I just finished pronouncing the young couple husband and wife when we started the recessional, walked out followed by the groom’s people and bridesmaids, then we looked up, and I thought it was fog from a fog machine. It was kind of nice and then I took a closer look and there was a smell to it that didn’t smell like a fog machine.
Because everyone uses a fog machine at a wedding, of course.
I rarely do things like this. But I attended a funeral/celebration of life today–and I noticed there were going to be bagpipes played for the processional hymn.
I contacted a friend who was not there (before the service began) and offered to tape it for him. Here it is. Out of respect for the family, I am opting not to identify them on the blog. My friend noted when he listened to my recording that the bagpipes were uilleann pipes (the national bagpipe of Ireland, apparently). Apt for two days before St. Patrick’s Day.
I must emphasize it is an amateur recording effort on my part. Enjoy.
In addition to sharing their memories of Carson, the subjects often (and understandably) delve into their own careers, which makes for a whole even more enjoyable layer of entertainment than I ever expected.
I am sure some folks will be annoyed that a struggling government enterprise like Amtrak has announced its plans to host an expanded #AmtrakResidency for writers. (Thanks to Tom Feister for making me aware of this.) For my taxpayer money, I love to see it used in this nontraditional manner.
To quote Amtrak:
“#AmtrakResidency was designed to allow creative professionals who are passionate about train travel and writing to work on their craft in an inspiring environment. Round-trip train travel will be provided on an Amtrak long-distance route. Each resident will be given a private sleeper car, equipped with a desk, a bed and a window to watch the American countryside roll by for inspiration. Routes will be determined based on availability.
Applications will be accepted on a rolling basis and reviewed by a panel. Up to 24 writers will be selected for the program starting March 17, 2014 through March 31, 2015. A passion for writing and an aspiration to travel with Amtrak for inspiration are the sole criteria for selection. Both emerging and established writers will be considered.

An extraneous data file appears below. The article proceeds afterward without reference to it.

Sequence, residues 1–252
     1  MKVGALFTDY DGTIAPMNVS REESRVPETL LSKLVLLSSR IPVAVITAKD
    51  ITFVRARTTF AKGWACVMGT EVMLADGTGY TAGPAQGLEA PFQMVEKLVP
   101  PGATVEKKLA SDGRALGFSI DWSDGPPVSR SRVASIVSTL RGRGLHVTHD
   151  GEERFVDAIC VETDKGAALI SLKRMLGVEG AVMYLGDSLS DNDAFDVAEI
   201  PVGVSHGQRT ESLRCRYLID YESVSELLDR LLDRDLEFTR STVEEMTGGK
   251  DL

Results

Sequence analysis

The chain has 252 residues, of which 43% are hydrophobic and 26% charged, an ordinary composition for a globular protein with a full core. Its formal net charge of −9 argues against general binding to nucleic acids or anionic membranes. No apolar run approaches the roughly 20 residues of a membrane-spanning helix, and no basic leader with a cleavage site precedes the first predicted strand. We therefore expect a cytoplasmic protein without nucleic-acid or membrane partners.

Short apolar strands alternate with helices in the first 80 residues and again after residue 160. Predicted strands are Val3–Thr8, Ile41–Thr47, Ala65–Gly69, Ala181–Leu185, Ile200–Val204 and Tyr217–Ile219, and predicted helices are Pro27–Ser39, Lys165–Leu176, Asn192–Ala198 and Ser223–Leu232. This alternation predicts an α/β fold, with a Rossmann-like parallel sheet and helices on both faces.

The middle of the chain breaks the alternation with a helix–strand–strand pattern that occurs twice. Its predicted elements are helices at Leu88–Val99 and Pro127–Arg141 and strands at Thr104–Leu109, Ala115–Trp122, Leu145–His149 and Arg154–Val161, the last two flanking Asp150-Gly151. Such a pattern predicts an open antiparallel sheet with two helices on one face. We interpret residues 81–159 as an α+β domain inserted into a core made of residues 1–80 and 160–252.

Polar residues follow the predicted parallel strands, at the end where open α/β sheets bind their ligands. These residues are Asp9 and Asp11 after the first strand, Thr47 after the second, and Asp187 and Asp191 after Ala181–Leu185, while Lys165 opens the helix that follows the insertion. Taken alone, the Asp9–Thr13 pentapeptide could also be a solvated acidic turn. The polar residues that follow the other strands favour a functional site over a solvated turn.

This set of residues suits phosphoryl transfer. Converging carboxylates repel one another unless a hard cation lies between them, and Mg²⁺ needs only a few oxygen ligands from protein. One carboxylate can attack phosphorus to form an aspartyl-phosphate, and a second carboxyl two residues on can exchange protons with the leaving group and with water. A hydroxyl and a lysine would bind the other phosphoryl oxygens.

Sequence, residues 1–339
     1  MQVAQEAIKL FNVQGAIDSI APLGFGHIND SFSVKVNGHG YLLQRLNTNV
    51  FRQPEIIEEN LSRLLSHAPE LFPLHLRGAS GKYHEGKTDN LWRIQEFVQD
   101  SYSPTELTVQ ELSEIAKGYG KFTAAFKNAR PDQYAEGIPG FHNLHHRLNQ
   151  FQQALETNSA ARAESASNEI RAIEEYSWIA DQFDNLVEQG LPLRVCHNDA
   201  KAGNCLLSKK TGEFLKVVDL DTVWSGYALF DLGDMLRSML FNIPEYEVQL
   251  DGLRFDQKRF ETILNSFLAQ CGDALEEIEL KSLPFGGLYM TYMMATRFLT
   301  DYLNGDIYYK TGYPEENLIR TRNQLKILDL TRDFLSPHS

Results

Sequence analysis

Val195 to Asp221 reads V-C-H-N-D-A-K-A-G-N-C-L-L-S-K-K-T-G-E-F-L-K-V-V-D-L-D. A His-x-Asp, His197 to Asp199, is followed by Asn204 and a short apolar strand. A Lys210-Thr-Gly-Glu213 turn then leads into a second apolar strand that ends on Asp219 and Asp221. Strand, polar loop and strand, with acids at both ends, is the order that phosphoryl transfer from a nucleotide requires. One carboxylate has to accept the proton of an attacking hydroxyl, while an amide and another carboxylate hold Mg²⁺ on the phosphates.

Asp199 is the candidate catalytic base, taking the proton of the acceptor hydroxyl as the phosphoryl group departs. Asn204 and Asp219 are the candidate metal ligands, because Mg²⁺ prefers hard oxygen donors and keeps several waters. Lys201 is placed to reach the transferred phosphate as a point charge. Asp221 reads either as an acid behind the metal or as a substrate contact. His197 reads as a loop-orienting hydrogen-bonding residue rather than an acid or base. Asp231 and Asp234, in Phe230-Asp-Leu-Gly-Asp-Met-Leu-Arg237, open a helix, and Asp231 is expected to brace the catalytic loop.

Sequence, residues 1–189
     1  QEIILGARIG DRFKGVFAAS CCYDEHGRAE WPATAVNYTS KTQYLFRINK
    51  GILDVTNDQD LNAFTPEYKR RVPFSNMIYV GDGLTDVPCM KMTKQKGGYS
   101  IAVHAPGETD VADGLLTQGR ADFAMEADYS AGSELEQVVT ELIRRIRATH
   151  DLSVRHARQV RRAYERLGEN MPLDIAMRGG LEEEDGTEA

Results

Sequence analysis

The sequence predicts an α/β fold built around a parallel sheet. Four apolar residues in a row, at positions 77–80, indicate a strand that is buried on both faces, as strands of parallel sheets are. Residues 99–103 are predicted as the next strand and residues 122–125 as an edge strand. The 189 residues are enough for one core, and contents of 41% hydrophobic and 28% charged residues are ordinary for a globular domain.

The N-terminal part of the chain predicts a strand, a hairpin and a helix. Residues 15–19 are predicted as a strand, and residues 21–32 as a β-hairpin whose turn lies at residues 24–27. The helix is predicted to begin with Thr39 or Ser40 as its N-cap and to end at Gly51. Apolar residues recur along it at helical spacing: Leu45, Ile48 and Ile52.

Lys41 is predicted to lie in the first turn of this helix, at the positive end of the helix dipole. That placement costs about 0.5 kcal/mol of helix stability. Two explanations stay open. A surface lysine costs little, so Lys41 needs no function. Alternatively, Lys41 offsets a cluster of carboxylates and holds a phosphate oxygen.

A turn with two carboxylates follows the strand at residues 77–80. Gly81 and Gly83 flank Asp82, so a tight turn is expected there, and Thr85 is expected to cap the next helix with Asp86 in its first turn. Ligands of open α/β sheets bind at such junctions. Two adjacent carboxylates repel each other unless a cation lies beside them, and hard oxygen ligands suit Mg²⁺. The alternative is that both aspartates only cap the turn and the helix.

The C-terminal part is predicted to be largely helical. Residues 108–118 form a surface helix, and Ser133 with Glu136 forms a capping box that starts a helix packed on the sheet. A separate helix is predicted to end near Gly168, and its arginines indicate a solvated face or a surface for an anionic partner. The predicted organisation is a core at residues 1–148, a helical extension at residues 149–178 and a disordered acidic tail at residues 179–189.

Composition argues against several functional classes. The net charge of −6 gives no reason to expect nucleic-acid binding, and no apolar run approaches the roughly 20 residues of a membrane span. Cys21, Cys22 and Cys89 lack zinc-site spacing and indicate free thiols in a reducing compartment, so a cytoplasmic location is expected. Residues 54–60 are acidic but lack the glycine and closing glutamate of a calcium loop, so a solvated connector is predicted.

Residencies will be anywhere from 2-5 days, with exceptions for special projects.”
Here’s hoping it is so successful that, as my pal Feister has suggested, they offer a similar program for artists.
When I was a kid in the 1980s, I was introduced to I’m Gonna Tear Your Playhouse Down through Paul Young’s cover of it. Back then I had no idea it was originally performed by Ann Peebles.
So for your consideration, here is the original (well a 1989 performance by Peebles of her 1970s song); a cover by Graham Parker and the Rumour; and finally Paul Young’s version (a horrible Top of the Pops lip synch performance).
As she co-wrote it, I think Peebles is the default winner–but I have always been partial to Young’s version. As I get older, my appreciation of Graham Parker’s version increases however; particularly as the 1980s Young version becomes increasingly dated with every passing year.
The description says it all: “Jimmy & the Muppets perform The Weight by the Band for the last waltz of Late Night with Jimmy Fallon.”
Animal as Levon Helm makes perfect sense, honestly.